Do You Have 20 Minutes a Day to Lose Weight?
After a while you can do it in 15 minutes.
Posted Mar 29, 2019
New research has demonstrated that spending as little as 20 minutes a day could result in “clinically meaningful weight loss.” With repetition, the participants in this study were able to cut down the time required to 15 minutes per day and still lose weight. They weren’t doing a high-intensity workout for 20 minutes and they weren’t meditating before each meal or following some esoteric diet. Rather they were just logging in to a study website and recording their daily eating.
In a study of 142 participants (90 percent female, 23 percent African-American) Dr. Jean Harvey and her colleagues found that self-monitoring needn’t be difficult or time-consuming. In a 24 week, online behavioral weight control program participants logged in to a website and recorded their intake. They received feedback on total calories consumed so far that day and were given the number of calories they could consume and still reach their daily goal. They were encouraged to monitor their intake throughout the day and plan their eating for the rest of the day.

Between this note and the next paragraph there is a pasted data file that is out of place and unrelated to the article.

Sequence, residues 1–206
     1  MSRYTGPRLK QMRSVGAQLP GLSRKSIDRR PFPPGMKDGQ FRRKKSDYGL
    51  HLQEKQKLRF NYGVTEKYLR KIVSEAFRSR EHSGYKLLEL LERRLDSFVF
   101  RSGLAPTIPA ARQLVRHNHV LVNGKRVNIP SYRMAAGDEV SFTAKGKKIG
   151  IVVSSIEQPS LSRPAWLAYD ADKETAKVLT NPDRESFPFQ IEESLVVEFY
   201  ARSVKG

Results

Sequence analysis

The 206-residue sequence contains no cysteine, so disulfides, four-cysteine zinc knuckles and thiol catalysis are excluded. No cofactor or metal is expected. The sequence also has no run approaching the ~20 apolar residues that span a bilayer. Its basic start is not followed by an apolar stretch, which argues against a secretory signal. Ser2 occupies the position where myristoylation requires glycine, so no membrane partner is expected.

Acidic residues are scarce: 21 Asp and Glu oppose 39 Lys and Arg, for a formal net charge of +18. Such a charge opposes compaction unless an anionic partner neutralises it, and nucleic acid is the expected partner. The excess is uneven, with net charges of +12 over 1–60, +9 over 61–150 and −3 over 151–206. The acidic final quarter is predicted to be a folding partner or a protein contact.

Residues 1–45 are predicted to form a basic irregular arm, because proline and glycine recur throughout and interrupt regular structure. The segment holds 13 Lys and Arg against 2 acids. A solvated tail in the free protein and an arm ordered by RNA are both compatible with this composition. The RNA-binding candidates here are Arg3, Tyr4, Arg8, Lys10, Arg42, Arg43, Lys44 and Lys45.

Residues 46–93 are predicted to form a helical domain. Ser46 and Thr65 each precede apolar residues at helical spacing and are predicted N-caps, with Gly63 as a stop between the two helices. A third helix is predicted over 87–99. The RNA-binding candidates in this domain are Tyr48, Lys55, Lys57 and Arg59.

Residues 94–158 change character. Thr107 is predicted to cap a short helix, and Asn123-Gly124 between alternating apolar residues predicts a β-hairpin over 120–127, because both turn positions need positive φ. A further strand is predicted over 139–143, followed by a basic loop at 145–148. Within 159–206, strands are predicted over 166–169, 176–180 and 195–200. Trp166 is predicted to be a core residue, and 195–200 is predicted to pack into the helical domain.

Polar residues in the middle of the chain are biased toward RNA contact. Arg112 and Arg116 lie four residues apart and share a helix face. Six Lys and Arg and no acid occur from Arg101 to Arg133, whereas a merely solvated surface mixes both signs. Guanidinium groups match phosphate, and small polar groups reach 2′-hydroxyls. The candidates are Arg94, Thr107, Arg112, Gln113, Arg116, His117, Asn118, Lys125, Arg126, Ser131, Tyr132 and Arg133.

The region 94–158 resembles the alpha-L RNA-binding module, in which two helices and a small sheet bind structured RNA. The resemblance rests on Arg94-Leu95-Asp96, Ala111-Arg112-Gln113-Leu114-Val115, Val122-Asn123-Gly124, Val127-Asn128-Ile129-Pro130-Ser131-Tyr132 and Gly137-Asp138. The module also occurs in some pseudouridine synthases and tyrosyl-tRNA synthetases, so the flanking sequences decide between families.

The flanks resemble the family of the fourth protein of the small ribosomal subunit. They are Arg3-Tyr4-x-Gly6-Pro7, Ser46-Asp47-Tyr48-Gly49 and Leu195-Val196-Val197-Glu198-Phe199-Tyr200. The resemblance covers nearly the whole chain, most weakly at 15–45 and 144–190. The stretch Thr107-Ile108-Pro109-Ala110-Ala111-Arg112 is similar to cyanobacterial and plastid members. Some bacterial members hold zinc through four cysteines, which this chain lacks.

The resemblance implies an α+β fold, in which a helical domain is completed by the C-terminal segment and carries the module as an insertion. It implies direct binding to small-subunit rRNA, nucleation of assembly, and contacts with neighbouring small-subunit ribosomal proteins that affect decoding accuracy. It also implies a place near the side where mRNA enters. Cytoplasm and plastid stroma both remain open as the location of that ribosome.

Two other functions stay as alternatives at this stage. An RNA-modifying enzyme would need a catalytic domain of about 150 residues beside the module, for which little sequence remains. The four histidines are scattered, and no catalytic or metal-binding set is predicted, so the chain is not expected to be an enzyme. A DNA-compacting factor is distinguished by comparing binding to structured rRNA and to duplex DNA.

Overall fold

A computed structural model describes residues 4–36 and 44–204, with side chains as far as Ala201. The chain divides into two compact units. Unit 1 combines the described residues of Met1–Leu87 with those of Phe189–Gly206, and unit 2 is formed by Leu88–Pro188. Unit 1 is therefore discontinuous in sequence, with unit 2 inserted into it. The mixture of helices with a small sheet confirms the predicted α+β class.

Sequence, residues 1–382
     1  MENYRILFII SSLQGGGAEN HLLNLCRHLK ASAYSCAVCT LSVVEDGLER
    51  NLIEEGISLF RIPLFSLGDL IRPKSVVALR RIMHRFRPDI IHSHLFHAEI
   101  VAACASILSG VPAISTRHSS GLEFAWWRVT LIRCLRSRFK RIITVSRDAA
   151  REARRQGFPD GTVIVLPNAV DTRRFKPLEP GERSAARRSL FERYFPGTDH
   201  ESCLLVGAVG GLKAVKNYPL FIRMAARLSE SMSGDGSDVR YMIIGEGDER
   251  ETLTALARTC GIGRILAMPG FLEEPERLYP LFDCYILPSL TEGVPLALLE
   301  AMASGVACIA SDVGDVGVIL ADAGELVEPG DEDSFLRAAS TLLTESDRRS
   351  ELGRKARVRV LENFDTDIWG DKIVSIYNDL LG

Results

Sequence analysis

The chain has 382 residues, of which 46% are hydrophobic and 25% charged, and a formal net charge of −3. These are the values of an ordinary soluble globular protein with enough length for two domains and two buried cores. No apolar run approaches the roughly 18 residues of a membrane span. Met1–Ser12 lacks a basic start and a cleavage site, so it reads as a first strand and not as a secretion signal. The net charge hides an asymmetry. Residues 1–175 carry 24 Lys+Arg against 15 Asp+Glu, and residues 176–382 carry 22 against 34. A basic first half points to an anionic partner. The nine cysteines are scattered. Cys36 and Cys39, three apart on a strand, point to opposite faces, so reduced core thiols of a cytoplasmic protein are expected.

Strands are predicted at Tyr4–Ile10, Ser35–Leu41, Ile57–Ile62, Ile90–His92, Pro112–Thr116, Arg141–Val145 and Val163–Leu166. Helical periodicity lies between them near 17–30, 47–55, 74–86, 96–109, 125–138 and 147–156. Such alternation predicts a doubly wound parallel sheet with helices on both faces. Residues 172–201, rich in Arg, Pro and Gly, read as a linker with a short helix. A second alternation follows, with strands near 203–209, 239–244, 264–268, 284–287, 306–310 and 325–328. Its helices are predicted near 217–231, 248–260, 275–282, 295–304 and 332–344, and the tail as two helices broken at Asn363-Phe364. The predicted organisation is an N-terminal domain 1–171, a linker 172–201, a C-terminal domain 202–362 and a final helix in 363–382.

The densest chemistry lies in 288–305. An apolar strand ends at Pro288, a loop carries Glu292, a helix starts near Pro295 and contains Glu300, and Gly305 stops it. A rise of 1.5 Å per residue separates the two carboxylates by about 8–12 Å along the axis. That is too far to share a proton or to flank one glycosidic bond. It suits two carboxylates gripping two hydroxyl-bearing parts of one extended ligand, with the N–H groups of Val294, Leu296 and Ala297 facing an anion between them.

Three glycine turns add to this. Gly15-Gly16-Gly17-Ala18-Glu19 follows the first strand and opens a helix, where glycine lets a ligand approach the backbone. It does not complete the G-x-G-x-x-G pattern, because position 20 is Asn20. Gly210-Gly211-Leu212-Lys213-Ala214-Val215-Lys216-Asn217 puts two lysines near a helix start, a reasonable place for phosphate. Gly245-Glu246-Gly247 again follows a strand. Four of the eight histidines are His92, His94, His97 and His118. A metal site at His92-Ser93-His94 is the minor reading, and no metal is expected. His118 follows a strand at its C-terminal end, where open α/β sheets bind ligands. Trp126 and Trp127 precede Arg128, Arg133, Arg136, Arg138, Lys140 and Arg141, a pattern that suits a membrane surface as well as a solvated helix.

The researchers found that weight change was significantly correlated with the amount of time spent on the website. After six months virtually all of the participants who had significant weight loss were still self-monitoring and the successful losers monitored at least two or three times a day rather than just at a single sitting.
When I lead weight loss groups and suggest that participants record their daily eating sometimes I hear objections like “It takes too much time,” “It’s too hard” or, “I just forget” but these rationales are rarely accurate. This study shows that it doesn’t take a lot of time and previous research has shown that scrupulous accuracy isn’t necessary for successful weight loss. What matters is frequency and consistency of monitoring, not time-consuming, finely detailed recording.
If there are several free smartphone apps that are easy to use (e.g., Lose It, My Fitness Pal), and precision isn’t required, and it only takes 20 minutes a day so why are there objections to self-monitoring? I suspect that self-monitoring increases awareness of food choices and that might result in feelings of guilt and self-recrimination when the inevitable slip occurs. Instead of viewing self-monitoring as a tool to judge self-discipline it should be thought of as a method to identify problem areas that need to be addressed. There’s no need to feel bad, self-monitoring is just a method to gather information to help change habits so it’s a worthwhile investment of 20 minutes.
Harvey, J., Krukowski, R., Priest, J. & West. D. (2019). Log often, lose more: Electronic dietary self-monitoring for weight loss. Obesity, 27, 380-384.